A Rare Breed — Of Sheep and Civil Servants
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  • Post published:13/05/2021
  • Post last modified:13/05/2021

The stocky little Welsh farmer’s wife who I was trying to buy a Border Collie from looked unconvinced of my abilities to be a good Collie owner. I told her the puppy would be going over to Normandy and we would be buying more sheep. She would be in Border Collie Heaven and the sheep would be in Paradise. I recounted the story of our first forays into sheep-keeping and how my husband had decided on which sheep to buy.

My sister had asked what to buy us for Christmas.

‘Ted’s latest Cunning Plan is keeping sheep,” I said, “about which he knows zilch, nil and nothing, so buy him the Ministry of Agriculture booklets on sheep.”

When he had suitably digested the contents of these, over a few glasses of red in front of the log fire, I asked, “What sheep have you decided to buy, honey?”

“Suffolk,” he said, and I awaited the research data ‘X kilos of meat per animal plus X amount of wool of good long staple etc etc’, a Brian Archer* style dialogue. ‘

“Why?” I asked upon receiving no further enlightenment.

“Because they are pretty,” the businessman said.

The Farmer’s wife beckoned me over to her shed and said “Well, if it’s pretty sheep you want….” and there they were, a rare breed of small black and white sheep called Balwen, looking like Border Collies. They are marked with a white stripe on the head (hence the name), have four white feet and long tails with a white tip.

They are a rare breed because nearly all of them disappeared during an exceptionally hard winter (1947) in the Welsh mountains and the 2,000 or so which exist now have been bred from the handful that remained after that winter.

I had to wait a year for them because of an outbreak of foot and mouth disease but managed finally to import a few. They are exceptionally easy to keep as they do not seem to get the new grass diarrhoea that other sheep get, so I don’t have to dock their tails to keep them clean. Their nails do not need as much cutting so they don’t get foot rot.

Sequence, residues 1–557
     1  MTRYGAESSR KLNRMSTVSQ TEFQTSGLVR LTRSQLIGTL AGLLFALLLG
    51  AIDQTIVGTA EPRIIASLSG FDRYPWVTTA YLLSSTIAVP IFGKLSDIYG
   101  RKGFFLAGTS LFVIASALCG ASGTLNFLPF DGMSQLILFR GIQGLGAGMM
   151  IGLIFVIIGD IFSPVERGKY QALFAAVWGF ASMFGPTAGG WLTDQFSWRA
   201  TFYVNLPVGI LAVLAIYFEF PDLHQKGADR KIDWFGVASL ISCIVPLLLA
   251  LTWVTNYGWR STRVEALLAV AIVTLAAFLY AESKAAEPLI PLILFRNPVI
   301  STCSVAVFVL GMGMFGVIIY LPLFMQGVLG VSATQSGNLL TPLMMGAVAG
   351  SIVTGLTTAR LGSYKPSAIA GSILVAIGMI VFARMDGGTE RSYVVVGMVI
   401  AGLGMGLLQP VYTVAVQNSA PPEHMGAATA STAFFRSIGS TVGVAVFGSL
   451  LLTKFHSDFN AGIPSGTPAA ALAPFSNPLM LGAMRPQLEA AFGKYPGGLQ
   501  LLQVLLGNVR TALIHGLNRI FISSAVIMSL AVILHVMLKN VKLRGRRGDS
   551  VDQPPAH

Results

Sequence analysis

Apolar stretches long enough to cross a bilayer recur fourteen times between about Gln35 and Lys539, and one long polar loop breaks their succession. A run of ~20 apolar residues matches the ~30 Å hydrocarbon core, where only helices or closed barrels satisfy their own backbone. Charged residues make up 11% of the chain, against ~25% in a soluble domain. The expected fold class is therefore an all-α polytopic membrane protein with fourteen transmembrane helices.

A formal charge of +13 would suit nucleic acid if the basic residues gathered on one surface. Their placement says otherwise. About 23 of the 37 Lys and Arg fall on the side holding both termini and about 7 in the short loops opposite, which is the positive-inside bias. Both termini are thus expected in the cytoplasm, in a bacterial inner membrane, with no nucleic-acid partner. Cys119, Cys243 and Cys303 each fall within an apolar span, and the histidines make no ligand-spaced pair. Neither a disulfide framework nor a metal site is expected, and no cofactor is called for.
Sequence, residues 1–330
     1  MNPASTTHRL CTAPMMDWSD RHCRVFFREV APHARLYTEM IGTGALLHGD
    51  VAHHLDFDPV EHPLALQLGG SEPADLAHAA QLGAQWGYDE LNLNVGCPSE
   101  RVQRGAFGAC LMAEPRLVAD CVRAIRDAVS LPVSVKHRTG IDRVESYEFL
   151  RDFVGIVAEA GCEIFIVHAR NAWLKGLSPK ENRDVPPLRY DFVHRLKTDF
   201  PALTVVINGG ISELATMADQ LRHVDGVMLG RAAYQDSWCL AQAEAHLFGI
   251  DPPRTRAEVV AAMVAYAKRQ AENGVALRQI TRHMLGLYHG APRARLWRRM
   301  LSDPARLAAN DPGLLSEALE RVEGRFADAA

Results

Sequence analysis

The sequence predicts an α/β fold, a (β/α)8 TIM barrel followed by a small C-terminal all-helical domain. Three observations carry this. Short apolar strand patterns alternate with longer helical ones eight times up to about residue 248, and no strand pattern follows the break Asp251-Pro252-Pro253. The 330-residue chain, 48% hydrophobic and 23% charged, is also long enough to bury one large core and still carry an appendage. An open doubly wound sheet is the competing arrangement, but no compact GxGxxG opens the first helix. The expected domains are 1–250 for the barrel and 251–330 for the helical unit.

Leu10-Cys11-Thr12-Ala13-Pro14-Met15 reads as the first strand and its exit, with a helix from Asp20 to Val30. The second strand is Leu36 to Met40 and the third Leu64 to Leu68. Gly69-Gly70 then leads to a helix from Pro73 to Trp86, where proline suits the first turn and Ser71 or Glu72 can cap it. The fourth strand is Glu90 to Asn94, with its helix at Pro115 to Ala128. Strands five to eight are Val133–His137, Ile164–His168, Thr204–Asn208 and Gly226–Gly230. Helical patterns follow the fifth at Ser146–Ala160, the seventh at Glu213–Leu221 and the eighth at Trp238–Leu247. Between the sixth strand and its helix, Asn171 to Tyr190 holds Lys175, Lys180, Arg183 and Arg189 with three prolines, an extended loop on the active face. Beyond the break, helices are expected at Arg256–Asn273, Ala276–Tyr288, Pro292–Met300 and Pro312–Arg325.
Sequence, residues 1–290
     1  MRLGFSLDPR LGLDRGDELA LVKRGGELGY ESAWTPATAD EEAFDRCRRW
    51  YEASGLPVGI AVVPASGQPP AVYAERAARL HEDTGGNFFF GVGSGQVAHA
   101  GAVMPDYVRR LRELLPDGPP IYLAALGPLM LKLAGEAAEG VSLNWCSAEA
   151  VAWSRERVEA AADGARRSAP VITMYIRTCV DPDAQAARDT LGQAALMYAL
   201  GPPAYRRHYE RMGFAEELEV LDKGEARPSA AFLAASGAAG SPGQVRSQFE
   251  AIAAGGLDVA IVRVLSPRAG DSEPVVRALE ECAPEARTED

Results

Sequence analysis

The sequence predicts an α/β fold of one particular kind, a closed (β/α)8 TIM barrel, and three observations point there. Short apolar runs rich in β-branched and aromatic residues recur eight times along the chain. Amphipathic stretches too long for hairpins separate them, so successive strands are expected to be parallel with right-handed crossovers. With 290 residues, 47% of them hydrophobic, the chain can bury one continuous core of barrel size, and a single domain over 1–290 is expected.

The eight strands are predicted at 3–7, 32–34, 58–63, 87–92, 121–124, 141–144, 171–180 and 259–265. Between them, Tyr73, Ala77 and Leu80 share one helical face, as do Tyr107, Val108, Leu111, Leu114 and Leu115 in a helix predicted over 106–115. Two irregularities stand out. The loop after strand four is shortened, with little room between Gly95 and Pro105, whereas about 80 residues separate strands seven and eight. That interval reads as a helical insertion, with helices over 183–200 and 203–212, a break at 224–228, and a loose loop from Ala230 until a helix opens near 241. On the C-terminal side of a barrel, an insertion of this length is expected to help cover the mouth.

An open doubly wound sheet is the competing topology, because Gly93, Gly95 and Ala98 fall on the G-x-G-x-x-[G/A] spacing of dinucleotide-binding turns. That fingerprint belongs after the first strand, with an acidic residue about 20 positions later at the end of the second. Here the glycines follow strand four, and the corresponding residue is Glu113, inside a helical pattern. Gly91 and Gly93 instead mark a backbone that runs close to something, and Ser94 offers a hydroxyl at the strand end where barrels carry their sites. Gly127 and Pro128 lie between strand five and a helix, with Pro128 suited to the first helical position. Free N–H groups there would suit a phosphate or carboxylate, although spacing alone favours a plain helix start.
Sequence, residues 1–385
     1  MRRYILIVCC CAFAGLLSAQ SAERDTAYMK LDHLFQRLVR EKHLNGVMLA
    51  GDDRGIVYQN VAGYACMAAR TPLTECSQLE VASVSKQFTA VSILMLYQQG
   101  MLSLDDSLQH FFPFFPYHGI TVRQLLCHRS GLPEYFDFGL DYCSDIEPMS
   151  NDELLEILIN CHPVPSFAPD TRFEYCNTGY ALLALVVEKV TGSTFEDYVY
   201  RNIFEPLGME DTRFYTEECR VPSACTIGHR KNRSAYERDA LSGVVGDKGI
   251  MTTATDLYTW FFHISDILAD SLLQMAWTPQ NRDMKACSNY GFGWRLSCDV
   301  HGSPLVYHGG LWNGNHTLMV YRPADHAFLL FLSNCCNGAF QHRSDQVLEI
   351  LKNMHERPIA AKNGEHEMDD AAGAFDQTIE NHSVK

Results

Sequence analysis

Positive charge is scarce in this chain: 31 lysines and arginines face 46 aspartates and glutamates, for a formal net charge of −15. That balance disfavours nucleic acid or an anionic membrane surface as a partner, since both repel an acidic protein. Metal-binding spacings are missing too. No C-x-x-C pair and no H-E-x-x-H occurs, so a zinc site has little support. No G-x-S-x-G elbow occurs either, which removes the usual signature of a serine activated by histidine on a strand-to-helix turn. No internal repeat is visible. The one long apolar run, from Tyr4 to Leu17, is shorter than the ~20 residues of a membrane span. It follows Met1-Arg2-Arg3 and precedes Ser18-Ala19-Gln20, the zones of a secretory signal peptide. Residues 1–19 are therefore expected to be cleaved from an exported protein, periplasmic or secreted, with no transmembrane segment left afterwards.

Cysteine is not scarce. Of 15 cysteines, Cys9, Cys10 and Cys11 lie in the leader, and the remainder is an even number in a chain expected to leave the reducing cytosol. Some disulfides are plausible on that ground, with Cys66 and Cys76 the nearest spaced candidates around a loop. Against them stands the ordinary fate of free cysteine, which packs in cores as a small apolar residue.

Balwen generally have only one lamb which the ewes produce without fuss. I don’t have to pen the ewe with the lamb to make her accept the baby or draw off the first milk. Any redundant males I gave to a local pet zoo together with a female or two who were not wanted here. In addition, they are really pretty!

I managed to keep the bloodlines far apart enough for a couple of years then I had to go back to the zoo and get King Brian back. He was one of twins but his brother, along with a ewe and lamb, who had stayed here, were killed by a fox so I had no ram of his bloodline. He was huge. After a horrific journey back home, during which King Brian kept trying to rear up over the front seat of the 2CV despite being attached and held in a half Nelson, we loosed him on the females.

Although he had no horns – he lost them in a fight with a Hungarian ram in the zoo — he lowered his head, then ran like a moose with his head stretched out and dewlaps wobbling. We renamed him Brian the Bully. I don’t think the ladies liked him much. I couldn’t face another journey with him so I had to get the zoo owner to take him back in his special trailer van.

Having saved the Balwen from extinction, my next mission was to use the wool. Fleeces in France are mainly sold to mattress makers (yes, they still exist here) or furniture restorers who use fleeces instead of horse hair. It is surely better than flammable foam. But black fleeces are not saleable in France so are generally burnt.